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Lesser Sac/Omental bursa

  • Cavity in the abdomen that is formed by the greater and lesser omentum
    • Posterior to stomach and lesser
  • Connected to the Greater sac by the omental foramen
    • Opening behind free edge of lesser omentum
  • Can contain considerable amounts of fat
  • Allows for movement and expansion of the stomach

Describe what is meant by the Greater Sac

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General cavity of the abdomen/peritoneum of the peritoneal cavity proper

Cavity inside peritoneum but outside lesser sac

Bounded by portal triad

  • Hepatic artery
  • Portal vein
  • Common Bile duct

Describe the stomach bed in terms of peritoneal sacs

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Posterior wall behind the omental bursa (behind the stomach)

Includes retroperitoneal structures

  • Upper pole of L.kidney
  • L.suprarenal
  • Diaphragm
  • Part of spleen
  • Pancreas
  • Part of transverse mesocolon
  • Splenic Artery
  • Splenic Flexture of the colon

Give a brief outline of the microstructure of alimentary tract proper, oesophagus to anus

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  • Epithelium
  • Glands
  • Lamina propria
  • Muscularis mucosa


  • Connective Tissue

External muscle

  • Inner circular
  • Outer longitudinal


  • Retroperitoneal organs


  • Intraperitoneal organs

Describe the location and relationship of the oesophagus in the body

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Originates C6 - top of trachea

Descends through superior and posterior mediastinum

Descends through diaphragm 2-3cm from midline at T10 (posterior to central tendon)

Descends through R.crus to enter cardia of stomach at T11

Mediastinal relationships

  • Posterior to trachea - joins by fibroelastic membrane against tracheal muscle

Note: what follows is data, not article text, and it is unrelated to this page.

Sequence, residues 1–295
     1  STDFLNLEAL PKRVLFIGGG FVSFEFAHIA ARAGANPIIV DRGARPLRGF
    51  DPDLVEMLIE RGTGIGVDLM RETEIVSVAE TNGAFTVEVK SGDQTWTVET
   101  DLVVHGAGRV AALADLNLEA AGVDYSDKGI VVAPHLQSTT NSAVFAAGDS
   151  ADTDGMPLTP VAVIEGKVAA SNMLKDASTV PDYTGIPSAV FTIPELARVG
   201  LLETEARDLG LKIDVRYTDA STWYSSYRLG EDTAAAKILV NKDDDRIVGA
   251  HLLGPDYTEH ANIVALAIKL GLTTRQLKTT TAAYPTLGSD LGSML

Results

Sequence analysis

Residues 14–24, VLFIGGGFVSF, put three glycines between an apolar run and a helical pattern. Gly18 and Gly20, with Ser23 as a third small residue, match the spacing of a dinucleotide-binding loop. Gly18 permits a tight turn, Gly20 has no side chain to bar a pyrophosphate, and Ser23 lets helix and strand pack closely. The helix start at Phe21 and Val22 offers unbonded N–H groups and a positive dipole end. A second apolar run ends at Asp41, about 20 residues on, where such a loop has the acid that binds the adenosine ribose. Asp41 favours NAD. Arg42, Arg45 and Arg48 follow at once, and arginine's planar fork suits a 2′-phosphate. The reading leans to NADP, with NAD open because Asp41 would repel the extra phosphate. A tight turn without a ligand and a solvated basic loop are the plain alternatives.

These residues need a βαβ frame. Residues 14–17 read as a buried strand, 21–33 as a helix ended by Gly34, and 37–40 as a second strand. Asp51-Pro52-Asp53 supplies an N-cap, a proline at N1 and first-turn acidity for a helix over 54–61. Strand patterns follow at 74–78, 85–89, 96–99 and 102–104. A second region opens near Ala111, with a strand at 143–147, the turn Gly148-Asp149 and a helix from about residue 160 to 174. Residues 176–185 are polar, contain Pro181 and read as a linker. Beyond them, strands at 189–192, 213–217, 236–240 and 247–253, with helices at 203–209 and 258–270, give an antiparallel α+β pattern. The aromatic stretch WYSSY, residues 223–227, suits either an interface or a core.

• Lateral then anterior to aorta
  • Anterior to vertebral column
  • T5 to inferior it is medial to thoracic duct, azygous and descending aorta

Describe features of the oesophagus, indulging its innervation, its walls and its attachments

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Oesophageal walls

  • Stratified non-keratised squamous epithelium
  • Mucous-secreting oesophageal glands in the submucosa
  • Oesophageal cardiac glands in the lamina propria
  • Outer Longitudinal and Inner Transverse muscles are separated by the myenteric plexus


  • R. and L.vagus form a plexus which forms the R. and L. vagal trunks which descend through the diaphragm with the oesophagus into the lower abdomen

The abdominal oesophagus

  • ~1cm long
  • Runs in the groove on the posterior surface of the liver
  • Attached posteriorly to the diaphragm by the gastrophrenic ligament
    • Also attached to funds of stomach

Describe the venous drainage and arterial supply of the oesophagus



Identify and describe the contractions that occur along the oesophagus

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4 main constrictions due to the compression on the oesophagus by other structures

  1. At start where pharynx joins behind the cricoid cartilage = circopharyngeus
    • Only complete cartilage rig around trachea
  2. Level of arch of aorta as it crosses in front
  3. Level of the L.main bronchus as it passes in front
  4. Level of the diaphragm = oesophageal hiatus
    • Specialised circular muscle in the diaphragm wall acts as a lower sphincter
    • Maintained tone by myenteric plexus, relaxes during swallowing and vomiting
    • Muscle on R.crus forms external sphincter - tightens in inspiration or when intra-abdominal pressure increases

Identify and describe the oesophageal sphincters



Outline in general terms the dorsal and ventral mesenteries and related structures and relate them to embryological development

Early development

  • Entire abdominal gut tube was attached to the posterior body wall by the dorsal mesentary
  • Stomach and 1st part of duodenum are attached to the anterior body wall by the ventral mesentary

Ventral mesentary

  • Liver, biliary system and ventral pancreas
  • Anterior to the liver forms the liver supporting structure, the falciform ligament
  • Between the liver anteriorly and the stomach posteriorly will form the lesser omentum

Dorsal mesentary

  • Attaches abdominal organs to posterior wall
  • Forms mesentery, mesoappendix, transverse mesocolon and sigmoid mesocolon
  • Dorsal pancreas and spleen for within
  • Regions destined to be retroperitoneal it fuses with posterior wall (fixation of the intestines)